Ex-CEO of Steinhoff sued by three South African lenders

Markus Jooste, the ex-head of Steinhoff who quit this month amid an accounting scandal, is being sued by three South African lenders after a racehorse company he was a director of failed to meet its financial commitments.

Ex-CEO of Steinhoff sued by three South African lenders

Markus Jooste, the ex-head of Steinhoff who quit this month amid an accounting scandal, is being sued by three South African lenders after a racehorse company he was a director of failed to meet its financial commitments.

Troubled Steinhoff owns the Dealz and Poundland discount stores across Ireland.

Mayfair Speculators Ltd, of which Mr Jooste was a director until two weeks ago, owes Sanlam’s capital markets arm, Investec and Absa, a banking unit of Barclays Africa Group, over 1.2bn rand (€79.3m), according to documents filed by Absa on December 18 in the Western Cape High Court.

Both Absa and Investec have gone to court to try and recoup their money and want Mayfair to be liquidated.

The filings deepen Mr Jooste’s predicament. Fears around Steinhoff’s accounting irregularities have cut the share price by more than 90% as investors baulked at a lack of further information and billionaire chairman Christo Wiese also quit.

Steinhoff is being investigated by regulators in Germany, South Africa, and the Netherlands and faces a spate of lawsuits in Europe.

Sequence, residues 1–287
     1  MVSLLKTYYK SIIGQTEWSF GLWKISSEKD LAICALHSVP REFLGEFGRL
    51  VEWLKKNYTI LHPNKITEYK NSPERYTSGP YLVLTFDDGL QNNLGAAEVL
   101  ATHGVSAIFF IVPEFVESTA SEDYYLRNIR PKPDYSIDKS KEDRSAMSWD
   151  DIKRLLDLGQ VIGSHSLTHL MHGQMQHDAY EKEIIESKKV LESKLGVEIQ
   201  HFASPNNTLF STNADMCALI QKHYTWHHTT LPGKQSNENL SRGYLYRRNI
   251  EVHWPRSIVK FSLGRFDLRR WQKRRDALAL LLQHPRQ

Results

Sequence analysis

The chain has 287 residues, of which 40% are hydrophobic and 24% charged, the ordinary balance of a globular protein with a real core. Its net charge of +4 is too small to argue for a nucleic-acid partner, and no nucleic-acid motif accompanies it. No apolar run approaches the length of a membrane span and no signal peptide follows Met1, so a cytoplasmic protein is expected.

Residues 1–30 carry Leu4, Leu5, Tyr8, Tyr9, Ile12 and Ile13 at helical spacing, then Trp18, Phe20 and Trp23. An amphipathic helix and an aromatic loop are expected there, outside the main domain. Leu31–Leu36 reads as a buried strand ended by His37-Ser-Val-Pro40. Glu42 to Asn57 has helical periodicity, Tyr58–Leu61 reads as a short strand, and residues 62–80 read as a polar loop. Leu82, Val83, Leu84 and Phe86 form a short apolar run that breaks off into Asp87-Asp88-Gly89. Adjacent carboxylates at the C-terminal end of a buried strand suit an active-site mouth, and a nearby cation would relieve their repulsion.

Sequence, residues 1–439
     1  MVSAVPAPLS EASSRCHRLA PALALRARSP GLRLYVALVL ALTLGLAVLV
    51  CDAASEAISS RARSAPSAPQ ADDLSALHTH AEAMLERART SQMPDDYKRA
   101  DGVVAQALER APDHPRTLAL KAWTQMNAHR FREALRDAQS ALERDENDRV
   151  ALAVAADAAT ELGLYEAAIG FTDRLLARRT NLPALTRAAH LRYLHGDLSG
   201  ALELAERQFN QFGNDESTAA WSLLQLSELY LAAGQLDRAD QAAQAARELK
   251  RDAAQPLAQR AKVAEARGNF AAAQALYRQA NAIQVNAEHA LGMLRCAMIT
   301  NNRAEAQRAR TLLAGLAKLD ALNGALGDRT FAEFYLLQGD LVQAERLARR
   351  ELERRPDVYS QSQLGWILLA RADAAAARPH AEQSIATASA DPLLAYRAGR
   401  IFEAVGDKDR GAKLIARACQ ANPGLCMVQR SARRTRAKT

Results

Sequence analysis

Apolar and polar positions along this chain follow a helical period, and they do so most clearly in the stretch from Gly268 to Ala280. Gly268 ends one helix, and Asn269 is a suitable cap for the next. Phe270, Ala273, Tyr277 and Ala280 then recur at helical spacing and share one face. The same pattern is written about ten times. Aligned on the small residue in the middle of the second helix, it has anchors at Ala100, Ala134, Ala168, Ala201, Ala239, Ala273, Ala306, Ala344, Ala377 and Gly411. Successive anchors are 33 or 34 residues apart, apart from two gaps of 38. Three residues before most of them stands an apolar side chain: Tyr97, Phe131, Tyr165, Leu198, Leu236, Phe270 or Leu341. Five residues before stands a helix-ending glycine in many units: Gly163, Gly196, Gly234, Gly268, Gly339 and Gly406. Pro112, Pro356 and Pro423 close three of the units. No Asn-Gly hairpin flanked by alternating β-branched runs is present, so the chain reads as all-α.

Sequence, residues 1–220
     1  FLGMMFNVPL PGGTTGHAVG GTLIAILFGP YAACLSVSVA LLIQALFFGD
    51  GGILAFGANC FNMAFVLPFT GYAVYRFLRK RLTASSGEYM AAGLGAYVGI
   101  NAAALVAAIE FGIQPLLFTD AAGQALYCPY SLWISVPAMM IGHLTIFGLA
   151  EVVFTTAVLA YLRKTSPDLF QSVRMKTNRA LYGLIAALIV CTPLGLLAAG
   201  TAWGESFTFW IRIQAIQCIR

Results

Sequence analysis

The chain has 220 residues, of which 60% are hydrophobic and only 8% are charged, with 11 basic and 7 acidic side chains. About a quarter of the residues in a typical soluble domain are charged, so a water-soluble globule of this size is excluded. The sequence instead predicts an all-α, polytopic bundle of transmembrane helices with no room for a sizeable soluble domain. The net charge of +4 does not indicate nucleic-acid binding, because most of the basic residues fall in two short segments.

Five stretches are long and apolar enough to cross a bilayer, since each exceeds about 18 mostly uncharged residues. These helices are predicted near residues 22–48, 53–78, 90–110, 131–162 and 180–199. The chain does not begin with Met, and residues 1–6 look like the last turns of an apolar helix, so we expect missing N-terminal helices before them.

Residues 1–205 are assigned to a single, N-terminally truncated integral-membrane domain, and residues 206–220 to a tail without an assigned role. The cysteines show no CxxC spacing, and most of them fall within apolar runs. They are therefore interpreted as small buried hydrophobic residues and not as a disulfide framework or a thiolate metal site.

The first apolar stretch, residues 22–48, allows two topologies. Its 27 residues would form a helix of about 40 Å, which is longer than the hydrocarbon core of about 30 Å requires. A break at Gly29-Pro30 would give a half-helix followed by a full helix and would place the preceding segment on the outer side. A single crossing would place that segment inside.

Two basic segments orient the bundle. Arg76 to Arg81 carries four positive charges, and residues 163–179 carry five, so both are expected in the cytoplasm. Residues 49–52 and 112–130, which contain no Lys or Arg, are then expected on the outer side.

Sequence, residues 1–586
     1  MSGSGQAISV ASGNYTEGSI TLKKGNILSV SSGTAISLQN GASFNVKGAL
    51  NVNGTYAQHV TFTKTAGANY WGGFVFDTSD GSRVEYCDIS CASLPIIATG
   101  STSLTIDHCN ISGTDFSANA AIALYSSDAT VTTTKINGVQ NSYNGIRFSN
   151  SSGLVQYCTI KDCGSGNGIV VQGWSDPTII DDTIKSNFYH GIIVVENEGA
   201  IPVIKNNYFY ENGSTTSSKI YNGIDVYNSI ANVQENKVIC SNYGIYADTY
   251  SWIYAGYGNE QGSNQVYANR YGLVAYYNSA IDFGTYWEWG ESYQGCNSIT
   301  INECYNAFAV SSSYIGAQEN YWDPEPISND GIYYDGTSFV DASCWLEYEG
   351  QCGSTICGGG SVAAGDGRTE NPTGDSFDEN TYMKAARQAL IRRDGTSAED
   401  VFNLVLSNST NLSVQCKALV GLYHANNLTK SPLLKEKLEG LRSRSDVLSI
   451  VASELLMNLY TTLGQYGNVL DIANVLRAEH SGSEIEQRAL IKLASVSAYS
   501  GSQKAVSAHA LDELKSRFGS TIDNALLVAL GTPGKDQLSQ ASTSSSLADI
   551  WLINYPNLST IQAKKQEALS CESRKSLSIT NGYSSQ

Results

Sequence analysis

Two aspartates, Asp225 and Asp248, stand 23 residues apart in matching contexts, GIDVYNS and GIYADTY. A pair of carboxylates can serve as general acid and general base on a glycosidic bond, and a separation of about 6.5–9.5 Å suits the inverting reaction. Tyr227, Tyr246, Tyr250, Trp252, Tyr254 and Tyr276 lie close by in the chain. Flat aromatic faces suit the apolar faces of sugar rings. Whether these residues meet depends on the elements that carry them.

Steinhoff said the company can’t comment on the ex-CEO’s affairs as he’s no longer an employee.

Mr Jooste is a known horse racing fanatic and through Mayfair owned one of the largest stables of thoroughbreds in South Africa. Mayfair sold one of its prize horses, Legal Eagle, this week, according to the Sporting Post, while a South African labour group has asked the organisers of a major Cape Town horse race to ban Mr Jooste from entering his animals in the competition.

Mayfair, which also owns properties and a Steinhoff share portfolio held by a unit of Standard Bank Group, transferred 1.5bn rand in assets to its holding company in August, said Absa, just before Germany’s Manager-Magazin reported that Mr Jooste and others were being investigated by prosecutors for possible accounting fraud.

A Mayfair representative and Danie van der Merwe, recently appointed Steinhoff interim chief executive, approached Investec for extra capital in November, and must have known “that the collapse in the Steinhoff share price was imminent”, said Absa manager Hester van Niekerk.

Absa is owed 226m rand, Investec about 250m rand, and Sanlam Capital Markets around 800m, Mr van Niekerk said in the court papers.

Bloomberg and Irish Examiner

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